What has actually happened, therefore, is that five of the principal members of the regicide party, so far from having been retired in what I may venture to term a somewhat ignominious manner, are allowed to retain their present salaries as full pensions and to leave the Army without a stain on their characters. I am also informed that in order that there should be no unpleasantness the King has recently appointed two members of the regicide party to the position of aide-de-camp, in which capacity they no doubt would come occasionally in communication with our representative when he goes there.

Speaking for myself, I should like to see diplomatic relations reestablished with this country. We have no quarrel with the Servian nation, and it is, so far as I am aware, just as much entitled to our respect as any other nation; but I must say I do resent a state of things which appears to have brought about a resumption of diplomatic relations under somewhat unsatisfactory circumstances. If what I have stated is correct, and I have every reason to believe that it is, then I venture to think this country has not been overwell treated in this matter. I observe that an English Minister ha? been appointed, but has not yet been gazetted. I venture to ask whether it would not be well, before this gentleman actually proceeds to his post, to suggest to the Servian Government that it should show rather better evidence of goodwill in this affair than it has demonstrated up to the present time.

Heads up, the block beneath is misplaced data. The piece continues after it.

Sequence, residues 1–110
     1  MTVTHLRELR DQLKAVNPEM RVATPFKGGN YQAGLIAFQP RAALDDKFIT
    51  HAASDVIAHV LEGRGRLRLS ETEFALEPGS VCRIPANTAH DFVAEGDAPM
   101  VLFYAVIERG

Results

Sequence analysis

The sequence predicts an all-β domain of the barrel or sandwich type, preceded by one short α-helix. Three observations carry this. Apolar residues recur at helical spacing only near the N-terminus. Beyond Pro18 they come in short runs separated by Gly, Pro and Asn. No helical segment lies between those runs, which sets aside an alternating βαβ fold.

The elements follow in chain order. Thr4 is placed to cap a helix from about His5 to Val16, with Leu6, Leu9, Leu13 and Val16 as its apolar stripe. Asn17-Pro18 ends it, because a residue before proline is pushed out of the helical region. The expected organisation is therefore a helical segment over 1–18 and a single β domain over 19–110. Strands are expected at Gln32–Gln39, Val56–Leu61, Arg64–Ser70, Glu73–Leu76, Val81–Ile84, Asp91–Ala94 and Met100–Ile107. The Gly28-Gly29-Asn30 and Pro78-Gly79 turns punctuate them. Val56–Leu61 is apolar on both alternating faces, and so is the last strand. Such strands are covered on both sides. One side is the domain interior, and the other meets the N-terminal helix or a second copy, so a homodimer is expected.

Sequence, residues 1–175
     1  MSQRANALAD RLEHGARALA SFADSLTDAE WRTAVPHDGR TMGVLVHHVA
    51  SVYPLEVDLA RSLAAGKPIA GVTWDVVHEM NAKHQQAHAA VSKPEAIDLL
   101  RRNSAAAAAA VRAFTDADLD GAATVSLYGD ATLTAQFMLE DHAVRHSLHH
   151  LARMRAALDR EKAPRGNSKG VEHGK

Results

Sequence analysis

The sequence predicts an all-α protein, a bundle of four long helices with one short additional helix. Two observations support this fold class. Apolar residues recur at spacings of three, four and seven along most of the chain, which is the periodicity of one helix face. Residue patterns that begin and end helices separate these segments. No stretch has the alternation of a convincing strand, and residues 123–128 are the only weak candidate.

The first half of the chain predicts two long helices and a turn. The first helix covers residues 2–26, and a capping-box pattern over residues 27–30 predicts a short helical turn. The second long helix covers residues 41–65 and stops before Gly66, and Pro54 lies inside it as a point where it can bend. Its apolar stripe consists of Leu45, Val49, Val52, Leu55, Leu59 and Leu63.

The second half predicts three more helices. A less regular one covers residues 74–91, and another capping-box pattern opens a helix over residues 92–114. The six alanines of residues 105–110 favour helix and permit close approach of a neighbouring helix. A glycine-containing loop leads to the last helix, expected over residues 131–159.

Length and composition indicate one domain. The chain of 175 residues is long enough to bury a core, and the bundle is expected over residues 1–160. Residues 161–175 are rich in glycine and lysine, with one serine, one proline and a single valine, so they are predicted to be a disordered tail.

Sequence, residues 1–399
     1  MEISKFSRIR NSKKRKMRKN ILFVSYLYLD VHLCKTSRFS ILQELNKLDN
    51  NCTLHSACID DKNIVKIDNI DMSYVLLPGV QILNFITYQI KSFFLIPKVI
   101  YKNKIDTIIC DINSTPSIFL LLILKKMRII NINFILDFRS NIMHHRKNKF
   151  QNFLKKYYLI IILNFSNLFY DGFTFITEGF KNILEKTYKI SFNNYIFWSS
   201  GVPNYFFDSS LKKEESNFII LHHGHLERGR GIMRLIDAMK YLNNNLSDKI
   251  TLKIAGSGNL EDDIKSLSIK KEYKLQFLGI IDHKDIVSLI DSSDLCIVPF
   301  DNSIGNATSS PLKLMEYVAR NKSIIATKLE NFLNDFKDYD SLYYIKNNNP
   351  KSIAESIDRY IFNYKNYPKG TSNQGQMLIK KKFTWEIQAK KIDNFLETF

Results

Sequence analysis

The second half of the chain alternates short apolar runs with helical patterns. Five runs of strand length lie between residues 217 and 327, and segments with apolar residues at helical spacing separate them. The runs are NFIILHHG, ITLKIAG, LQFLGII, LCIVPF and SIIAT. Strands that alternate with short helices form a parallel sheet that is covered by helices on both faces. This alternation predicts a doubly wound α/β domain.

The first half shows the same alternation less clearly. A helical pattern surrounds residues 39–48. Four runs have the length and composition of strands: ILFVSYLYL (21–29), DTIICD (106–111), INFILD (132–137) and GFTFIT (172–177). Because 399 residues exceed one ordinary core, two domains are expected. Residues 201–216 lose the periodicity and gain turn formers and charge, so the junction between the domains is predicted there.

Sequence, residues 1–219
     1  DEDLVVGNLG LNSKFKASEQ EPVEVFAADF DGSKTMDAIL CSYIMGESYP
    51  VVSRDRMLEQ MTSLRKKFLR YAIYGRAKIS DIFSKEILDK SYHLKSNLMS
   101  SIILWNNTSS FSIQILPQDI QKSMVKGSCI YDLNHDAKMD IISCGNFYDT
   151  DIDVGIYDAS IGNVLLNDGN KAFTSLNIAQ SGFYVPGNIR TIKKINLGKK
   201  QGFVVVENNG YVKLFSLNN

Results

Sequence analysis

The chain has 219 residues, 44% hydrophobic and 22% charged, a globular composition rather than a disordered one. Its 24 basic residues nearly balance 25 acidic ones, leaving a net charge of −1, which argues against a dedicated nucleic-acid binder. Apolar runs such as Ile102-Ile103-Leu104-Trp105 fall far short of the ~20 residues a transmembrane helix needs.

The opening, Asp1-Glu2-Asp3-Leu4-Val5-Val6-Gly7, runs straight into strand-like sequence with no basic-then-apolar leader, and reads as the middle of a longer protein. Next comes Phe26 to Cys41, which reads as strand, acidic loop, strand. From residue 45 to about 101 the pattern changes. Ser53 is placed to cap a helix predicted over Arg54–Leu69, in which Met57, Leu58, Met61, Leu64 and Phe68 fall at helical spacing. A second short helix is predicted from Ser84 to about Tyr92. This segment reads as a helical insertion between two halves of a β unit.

My Lords, I think it is natural that my noble friend, who possesses great knowledge of the affairs of the East of Europe, should call attention to the facts connected with this incident. Undoubtedly the situation that has existed in Servia since the great crime committed in June, 1903, has been; a very difficult one. It was the bounden duty of the Government of this country to mark its sense of the terrible character of the events which took place in the Palace of Belgrade. We had strict precedent for our action in suspending diplomatic relations with Servia. Personally I was mixed up many years ago in the complicated negotiations which ended the suspension of relations between this country and Mexico consequent on: the death of the Emperor Maximilian, when nearly all the Great European Powers suspended relations with Mexico for a longer or a shorter time, and we were almost the last, if not the last, to renew relations. Therefore, had the Government chosen in the case of Servia, which was an infinitely graver matter than that of Mexico, we would not have been without argument to show that we could take up a still' stronger attitude.